|by David Flusser[*]|
Εἶπεν δὲ πρὸς αὐτούς· οὗτοι οἱ λόγοι μου οὓς ἐλάλησα πρὸς ὑμᾶς ἔτι ὢν σὺν ὑμῖν, ὅτι δεῖ πληρωθῆναι πάντα τὰ γεγραμμένα ἐν τῷ νόμῳ Μωϋσέως καὶ τοῖς προφήταις καὶ ψαλμοῖς περὶ ἐμοῦ
But he [i.e., Jesus] said to them, “These are my words that I spoke to you while I was still with you, that it is necessary to fulfill all the things written in the Law of Moses and the prophets and Psalms concerning me. (Luke 24:44)
This verse in Luke has lately acquired new significance in light of the discoveries at Qumram, especially the so-called Halakhic Letter (4QMMT).
According to Luke 24:44, the risen Jesus told his disciples that everything written about him in the Law of Moses, in the prophets, and in the Psalms had to be fulfilled. Jesus then revealed to them the meaning of the Scriptures. Such exposition is often referred to as a “christological” exegesis of the Old Testament. But how did the Psalms come into it? Luke 24:44 is the only passage in the New Testament in which, in addition to Moses and the prophets, a book of the Ketuvim (“Writings”) appears. But while they are a part of the Ketuvim, the Psalms are probably mentioned here in their own right, on account of their usefulness as scriptural proof texting, and not merely as representative of all books of the “Writings.” The Psalms are mentioned yet again in the Gospels, once more in Luke, in a similar context: “David himself says in the Book of Psalms…” (Luke 20:42), after which follows a quotation of the beginning of Ps. 110—also with a supposedly “christological” interpretation. The Markan and Matthean parallels do not mention the Psalms explicitly. Rather, according to Mark and Matthew, David spoke “in the Holy Spirit” (Mark 12:36 ∥ Matt. 22:43). This phrase expresses the prophetic inspiration of the Psalms of David (cf. Acts 4:25). By the way, I assume that in this case, where it is a saying of Jesus, the reference to the Holy Spirit is original.
Since the publication of the Halakhic Letter from Qumran (4QMMT), it is certain that in Luke 24:44 the Psalms are a third witness alongside Moses and the prophets, and do not serve merely as a pars pro toto for all the Ketuvim. In other words, the reference is to the Book of Psalms in particular. The new Qumran document, called 4QMMT, is a letter written by a leader of the Qumran community. The letter is addressed to a political leader of the Jewish community in Jerusalem. Toward the end of his remarks, the Essene author from Qumran admonishes his addressee to observe the words of the Scriptures in order not to stumble, because “this is the end of days” (4QMMTe [4Q398] 11-13 I, 4). The writer begins with the words: “And we have written to you that you may understand the book of Moses, the books of the prophets, and David” (4QMMTd [4Q397] 14-21 I, 10).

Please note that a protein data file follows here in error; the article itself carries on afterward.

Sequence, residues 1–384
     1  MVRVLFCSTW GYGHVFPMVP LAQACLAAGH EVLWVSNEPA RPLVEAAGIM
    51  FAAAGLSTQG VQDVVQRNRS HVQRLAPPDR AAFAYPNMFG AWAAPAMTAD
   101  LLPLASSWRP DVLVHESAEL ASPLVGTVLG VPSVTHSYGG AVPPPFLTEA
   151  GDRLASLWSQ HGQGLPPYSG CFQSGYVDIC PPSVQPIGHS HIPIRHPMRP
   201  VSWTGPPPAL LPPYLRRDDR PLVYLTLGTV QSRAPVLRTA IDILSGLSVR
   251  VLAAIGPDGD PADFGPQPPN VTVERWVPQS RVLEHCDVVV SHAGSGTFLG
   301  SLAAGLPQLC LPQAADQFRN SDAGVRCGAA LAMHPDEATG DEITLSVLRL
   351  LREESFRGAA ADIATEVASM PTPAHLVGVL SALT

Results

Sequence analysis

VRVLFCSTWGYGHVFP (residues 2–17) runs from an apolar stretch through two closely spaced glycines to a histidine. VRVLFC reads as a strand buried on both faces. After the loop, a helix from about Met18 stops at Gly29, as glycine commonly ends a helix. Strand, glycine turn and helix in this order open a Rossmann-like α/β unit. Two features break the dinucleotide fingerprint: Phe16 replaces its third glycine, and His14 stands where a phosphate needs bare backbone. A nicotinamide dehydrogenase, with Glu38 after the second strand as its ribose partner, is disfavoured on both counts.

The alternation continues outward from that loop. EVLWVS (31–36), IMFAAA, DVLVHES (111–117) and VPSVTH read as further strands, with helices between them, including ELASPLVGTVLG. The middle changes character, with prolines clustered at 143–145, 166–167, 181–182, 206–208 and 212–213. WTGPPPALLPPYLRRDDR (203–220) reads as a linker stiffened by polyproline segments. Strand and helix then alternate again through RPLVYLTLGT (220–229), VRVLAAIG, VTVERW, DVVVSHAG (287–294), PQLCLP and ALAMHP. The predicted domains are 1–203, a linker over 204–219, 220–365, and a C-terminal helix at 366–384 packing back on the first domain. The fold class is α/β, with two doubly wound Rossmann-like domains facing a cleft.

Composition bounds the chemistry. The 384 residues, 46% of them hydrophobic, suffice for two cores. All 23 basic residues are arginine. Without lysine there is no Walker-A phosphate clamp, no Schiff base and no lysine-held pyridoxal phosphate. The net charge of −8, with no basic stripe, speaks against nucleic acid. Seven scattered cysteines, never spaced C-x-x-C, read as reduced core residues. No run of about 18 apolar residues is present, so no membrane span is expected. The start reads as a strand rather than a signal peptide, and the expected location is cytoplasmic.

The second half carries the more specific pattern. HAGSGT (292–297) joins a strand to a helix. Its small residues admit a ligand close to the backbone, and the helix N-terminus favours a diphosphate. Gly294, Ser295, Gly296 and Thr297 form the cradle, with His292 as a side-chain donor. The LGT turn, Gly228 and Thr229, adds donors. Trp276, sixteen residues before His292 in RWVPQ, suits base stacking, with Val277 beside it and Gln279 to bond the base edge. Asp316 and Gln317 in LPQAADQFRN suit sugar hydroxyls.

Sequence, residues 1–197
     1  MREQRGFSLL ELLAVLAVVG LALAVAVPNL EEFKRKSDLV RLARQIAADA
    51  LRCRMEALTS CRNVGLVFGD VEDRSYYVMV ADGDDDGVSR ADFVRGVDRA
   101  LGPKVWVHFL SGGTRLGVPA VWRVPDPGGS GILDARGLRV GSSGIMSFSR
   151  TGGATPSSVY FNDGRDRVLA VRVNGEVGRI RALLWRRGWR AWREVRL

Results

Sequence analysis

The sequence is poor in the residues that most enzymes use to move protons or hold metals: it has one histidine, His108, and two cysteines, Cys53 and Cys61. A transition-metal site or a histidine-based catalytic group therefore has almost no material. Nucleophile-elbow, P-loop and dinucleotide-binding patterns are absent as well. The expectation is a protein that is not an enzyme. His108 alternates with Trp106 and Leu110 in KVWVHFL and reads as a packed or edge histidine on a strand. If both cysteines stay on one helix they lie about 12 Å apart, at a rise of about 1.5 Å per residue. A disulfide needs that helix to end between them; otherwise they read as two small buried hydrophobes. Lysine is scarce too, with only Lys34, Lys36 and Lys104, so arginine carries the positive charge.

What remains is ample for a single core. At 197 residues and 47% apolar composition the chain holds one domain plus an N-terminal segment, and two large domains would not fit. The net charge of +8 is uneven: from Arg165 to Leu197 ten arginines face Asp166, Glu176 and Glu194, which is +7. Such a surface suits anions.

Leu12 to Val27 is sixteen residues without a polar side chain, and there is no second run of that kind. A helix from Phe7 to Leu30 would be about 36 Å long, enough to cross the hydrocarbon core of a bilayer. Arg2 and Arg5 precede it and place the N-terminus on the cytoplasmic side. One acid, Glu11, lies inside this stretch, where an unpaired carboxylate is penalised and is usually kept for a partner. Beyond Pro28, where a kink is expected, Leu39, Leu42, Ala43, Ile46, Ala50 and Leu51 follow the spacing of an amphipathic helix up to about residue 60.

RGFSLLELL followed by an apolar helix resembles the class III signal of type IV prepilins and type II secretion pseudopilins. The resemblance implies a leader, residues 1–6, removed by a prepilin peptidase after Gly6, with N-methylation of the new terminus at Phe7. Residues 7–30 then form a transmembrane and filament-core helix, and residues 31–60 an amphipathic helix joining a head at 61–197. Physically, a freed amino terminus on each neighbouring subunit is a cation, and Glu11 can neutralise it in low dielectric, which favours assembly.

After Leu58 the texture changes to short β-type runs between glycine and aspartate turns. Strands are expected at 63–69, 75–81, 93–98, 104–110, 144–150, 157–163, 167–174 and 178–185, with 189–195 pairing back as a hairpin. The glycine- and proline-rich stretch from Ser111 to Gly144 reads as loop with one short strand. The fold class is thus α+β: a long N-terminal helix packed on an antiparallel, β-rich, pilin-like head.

It should not be surprising that many regarded King David as a prophet (cf. Acts 2:30; Jos., Ant. 6:166). His reputation is partly due to the Book of Psalms, in which there are many passages whose supposedly hidden meaning was believed to point to the later history of salvation. Both Jews and Christians understood the Psalms in this manner. It is explicitly stated in one of the Dead Sea Scrolls that the LORD gave the Spirit to David so that he spoke all the Psalms—the canonical and the non-canonical—in the spirit of prophecy bestowed upon him by the Most High (11QPsa [11Q5] XXII, 11).